Garden designer

Garden designers design the layout and features of outdoor spaces – construction details, planting plans and regular maintenance are often part of the process

Training, qualifications and skills General horticultural knowledge – Level 2 minimum; Garden design qualification – certificate/diploma/degree; short courses held at local horticultural or further education colleges; (working in a studio) knowledge of CAD software will probably be required; horticultural training and experience is beneficial
Career progression opportunities Working for a larger design practice or for an organisation; (in a studio setting) work your way from a junior position to looking after a team of designers; with more experience you could teach or get involved in the media industries; opportunities to win medals by creating show gardens; awards for residential and public gardens, and to become an accredited professional garden designer
Useful links Society of Garden Designers
The Association of Professional Landscapers

Focus on: Garden designer

Flo Headlam
Own business
Full time, salary up to £25k

I call myself a garden maker, or if I’m being mischevious a ‘garden whisperer’. Sometimes my work is simply about keeping a garden in check with regular maintenance visits. Other gardens I visit require development, reshaping and replanting – a light touch that may mean filling gaps in a border or filling and arranging pots to create a different view or have greater impact.

Get to know your plants, how they ‘work’ in situ, ideally in a garden or garden centre setting. Study for appropriate qualifications and get some experience working in different settings.

I love the fact that I meet a wide range of people and have to find a way to connect with them all. No two days are ever the same. I work with a small landscaping team building city gardens. These design-and-build projects bring all my skill sets into play.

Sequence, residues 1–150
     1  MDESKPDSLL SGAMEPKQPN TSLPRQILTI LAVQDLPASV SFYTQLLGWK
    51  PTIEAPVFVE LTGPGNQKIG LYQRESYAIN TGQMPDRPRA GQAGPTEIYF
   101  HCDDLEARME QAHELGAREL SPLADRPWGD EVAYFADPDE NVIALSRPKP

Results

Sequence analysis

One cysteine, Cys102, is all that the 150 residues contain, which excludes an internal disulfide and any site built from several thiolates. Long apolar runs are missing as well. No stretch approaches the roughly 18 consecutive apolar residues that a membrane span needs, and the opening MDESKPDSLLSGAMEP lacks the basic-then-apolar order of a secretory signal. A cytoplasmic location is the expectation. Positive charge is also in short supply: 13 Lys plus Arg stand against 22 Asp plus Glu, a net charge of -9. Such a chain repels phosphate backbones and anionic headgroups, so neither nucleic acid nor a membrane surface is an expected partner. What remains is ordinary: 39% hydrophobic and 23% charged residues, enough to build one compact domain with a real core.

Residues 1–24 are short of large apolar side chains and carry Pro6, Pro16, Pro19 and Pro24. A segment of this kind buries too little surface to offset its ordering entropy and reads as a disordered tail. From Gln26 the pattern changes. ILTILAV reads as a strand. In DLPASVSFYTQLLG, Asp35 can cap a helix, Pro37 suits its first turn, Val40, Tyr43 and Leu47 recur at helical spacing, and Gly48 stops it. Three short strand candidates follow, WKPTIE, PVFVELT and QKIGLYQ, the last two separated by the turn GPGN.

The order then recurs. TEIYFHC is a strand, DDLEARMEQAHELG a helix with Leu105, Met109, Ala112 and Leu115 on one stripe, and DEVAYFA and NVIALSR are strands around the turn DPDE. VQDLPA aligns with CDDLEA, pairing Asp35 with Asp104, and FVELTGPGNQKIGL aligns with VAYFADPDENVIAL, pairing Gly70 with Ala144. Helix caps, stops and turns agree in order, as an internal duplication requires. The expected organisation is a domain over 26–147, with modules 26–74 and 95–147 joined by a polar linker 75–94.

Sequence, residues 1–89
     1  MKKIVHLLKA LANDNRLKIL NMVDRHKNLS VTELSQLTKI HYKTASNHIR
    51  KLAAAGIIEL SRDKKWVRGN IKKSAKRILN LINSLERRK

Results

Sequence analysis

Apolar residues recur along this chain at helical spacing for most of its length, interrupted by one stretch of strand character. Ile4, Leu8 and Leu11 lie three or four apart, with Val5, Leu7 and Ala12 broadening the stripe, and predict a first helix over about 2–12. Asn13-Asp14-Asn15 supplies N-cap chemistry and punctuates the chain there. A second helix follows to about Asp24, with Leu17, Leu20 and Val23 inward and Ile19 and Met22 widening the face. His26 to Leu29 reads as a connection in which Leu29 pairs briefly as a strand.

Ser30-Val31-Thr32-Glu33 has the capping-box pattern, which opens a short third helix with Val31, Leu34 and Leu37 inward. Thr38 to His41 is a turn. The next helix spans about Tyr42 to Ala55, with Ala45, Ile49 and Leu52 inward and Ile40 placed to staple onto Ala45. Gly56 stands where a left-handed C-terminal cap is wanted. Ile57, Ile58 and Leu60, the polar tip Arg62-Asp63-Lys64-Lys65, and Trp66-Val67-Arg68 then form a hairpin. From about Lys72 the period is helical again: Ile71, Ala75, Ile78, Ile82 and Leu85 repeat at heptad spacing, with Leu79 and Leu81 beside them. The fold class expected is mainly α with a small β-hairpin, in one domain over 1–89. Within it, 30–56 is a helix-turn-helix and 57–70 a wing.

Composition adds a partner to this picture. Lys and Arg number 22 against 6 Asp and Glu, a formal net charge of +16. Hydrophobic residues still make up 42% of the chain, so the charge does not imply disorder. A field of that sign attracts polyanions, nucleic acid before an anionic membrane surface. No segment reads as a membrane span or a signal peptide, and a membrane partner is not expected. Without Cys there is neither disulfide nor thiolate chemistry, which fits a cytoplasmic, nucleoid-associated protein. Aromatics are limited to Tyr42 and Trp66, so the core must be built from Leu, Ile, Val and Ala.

Focus on: Garden designer

Nicola Oakey
Own business
Part time, salary range from £10k

I run my own garden design business part time, mainly creating residential gardens. I love my job, as no two days are ever the same. I can be visiting clients and measuring gardens, sitting at my drawing board designing, or travelling to nurseries to select plants and trees. I have a Diploma in Garden Design, which gave me the basic knowledge I needed.

Don’t be afraid to take time to build up as much knowledge and experience as you can. Be curious and hands-on, the best designers know as much about landscaping and growing as they do about design.

After completing my diploma I did a horticultural apprenticeship. This was a great opportunity to meet people in the horticultural industry and get an RHS qualification at the same time. It was a contact I made through the apprenticeship that then led me to getting my first job in a design studio.

Get involved

The Royal Horticultural Society is the UK’s leading gardening charity. We aim to enrich everyone’s life through plants, and make the UK a greener and more beautiful place.